In a project supported by Genome BC, a Vancouver pediatric pathologist at the BC Cancer Agency/University of British Columbia is leading the team that will explore the genomes (DNA) of four of the most challenging childhood cancers known. Dr. Poul Sorensen and his colleagues in the Canadian Pediatric Cancer Genome Consortium hope to find the link between primary and metastatic tumours using revolutionary genomics technology and a highly skilled consortium of scientists and clinicians.
Most cancer deaths are not caused by the primary disease; rather, it is the invasion and spreading of mutated cells to distant sites in the body (metastasized tumours) that tend to give a poor prognosis for the patient. Using next generation sequencing to rapidly scan the DNA of primary tumours, metastatic tumours and normal tissue, Sorensen and his team are discovering fundamental differences between primary and metastatic disease tissue. This knowledge will not only help to determine how to better treat childhood cancers but more importantly give insight into how to prevent tumours from metastasizing to other parts of the body. If the team can determine which genetic mutations cause the disease to spread, then appropriate therapies can hopefully be designed and/or re-directed to prevent metastasis.
"There is little known about metastatic disease in either pediatric or adult cancer," says Sorensen. "Our biggest challenge to improving survival is to understand the biology of metastatic disease and how to target it." If the team can determine all possible genetic mutations and study a cohort of samples, they can identify the common mutations and determine which mutation is in fact driving the spread of disease. The motivation for the project stems from a lack of understanding in the background mutation of tumours from primary to metastatic progression. "It is imperative to understand metastases and this is an area that has not been well researched on a genomic level internationally," Sorensen adds.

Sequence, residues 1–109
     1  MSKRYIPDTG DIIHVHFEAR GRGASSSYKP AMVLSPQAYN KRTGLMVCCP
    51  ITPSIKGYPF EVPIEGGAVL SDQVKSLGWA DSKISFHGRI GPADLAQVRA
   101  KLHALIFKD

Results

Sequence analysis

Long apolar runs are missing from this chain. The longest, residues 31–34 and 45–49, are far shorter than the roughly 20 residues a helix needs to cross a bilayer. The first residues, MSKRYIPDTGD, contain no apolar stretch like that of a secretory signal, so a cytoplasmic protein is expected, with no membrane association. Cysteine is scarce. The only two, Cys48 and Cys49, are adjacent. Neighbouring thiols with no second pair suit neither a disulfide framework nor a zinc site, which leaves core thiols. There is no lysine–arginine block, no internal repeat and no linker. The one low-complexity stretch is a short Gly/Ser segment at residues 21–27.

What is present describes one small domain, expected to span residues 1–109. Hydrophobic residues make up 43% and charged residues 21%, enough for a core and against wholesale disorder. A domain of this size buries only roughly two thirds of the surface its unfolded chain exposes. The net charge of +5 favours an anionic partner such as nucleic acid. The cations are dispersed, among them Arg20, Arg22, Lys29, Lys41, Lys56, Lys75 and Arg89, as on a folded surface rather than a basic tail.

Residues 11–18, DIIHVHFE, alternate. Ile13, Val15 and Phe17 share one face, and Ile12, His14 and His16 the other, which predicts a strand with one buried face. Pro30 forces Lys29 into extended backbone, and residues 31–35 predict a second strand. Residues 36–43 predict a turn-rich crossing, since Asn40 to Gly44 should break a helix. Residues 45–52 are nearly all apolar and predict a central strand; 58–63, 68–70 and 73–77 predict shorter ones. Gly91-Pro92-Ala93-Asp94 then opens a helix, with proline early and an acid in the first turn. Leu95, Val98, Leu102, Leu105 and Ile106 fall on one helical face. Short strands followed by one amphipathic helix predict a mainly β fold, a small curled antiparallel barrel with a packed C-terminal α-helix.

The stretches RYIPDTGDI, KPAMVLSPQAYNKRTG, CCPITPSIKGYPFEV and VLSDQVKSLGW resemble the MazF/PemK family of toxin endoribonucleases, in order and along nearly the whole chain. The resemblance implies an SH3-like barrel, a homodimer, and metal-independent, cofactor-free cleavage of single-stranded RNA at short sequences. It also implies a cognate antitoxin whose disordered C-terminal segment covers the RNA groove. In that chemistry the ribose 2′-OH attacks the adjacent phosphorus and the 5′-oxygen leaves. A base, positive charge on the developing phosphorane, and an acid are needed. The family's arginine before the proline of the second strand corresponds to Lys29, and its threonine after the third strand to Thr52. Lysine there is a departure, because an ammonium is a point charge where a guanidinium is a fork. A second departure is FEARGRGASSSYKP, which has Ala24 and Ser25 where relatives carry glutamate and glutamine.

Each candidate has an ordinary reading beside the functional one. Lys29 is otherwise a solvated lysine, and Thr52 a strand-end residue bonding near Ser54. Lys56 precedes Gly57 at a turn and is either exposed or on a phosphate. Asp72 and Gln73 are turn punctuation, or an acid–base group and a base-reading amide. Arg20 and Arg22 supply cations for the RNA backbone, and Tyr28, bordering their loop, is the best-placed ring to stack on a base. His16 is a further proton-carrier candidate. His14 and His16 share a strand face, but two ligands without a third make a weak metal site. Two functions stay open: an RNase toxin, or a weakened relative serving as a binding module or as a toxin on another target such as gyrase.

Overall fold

The team will focus on medulloblastoma (brain cancer), metastatic osteosarcoma (bone cancer) and two other types of pediatric brain tumours to uncover genetic abnormalities that direct tumour cells to spread or become resistant to treatment. They will examine and directly compare the genetic signature of each of these diseases in primary tumour cells and tumour cells that have metastasized or relapsed. These studies will produce a first-time view of the tumour genomes in these diseases. This insight not only provides immediate potential for improving tailored therapies for children with these lethal cancers, but will enable the future development of new drugs for patients who otherwise have limited options for treatment.
"Genome BC is thrilled to be funding this essential and ground-breaking work. Our hope is that the results from this research will impact not only on childhood cancers but to shed light on the link between primary and metastatic tumours for all cancer patients," says Dr. Alan Winter, President and CEO of Genome BC.
"Having the genetic, biological and clinical expertise in Vancouver makes this an ideal place to lead this research. The research team has access to rare samples and can tap into an international network to allow for a quick and easy liaison from bench to bedside," says Sorensen. The mutational landscape of cancer cells is nearly impossible to find with only one tumour to analyze; however, with a national network and international linkages the team can begin to make the imperative connections between normal and mutated genes across a larger group of cases.
The $2.8 million (CDN) research project is also funded by the Canadian Institutes of Health Research (CIHR), Genome Canada, Genome Quebec and the C17 Research Network.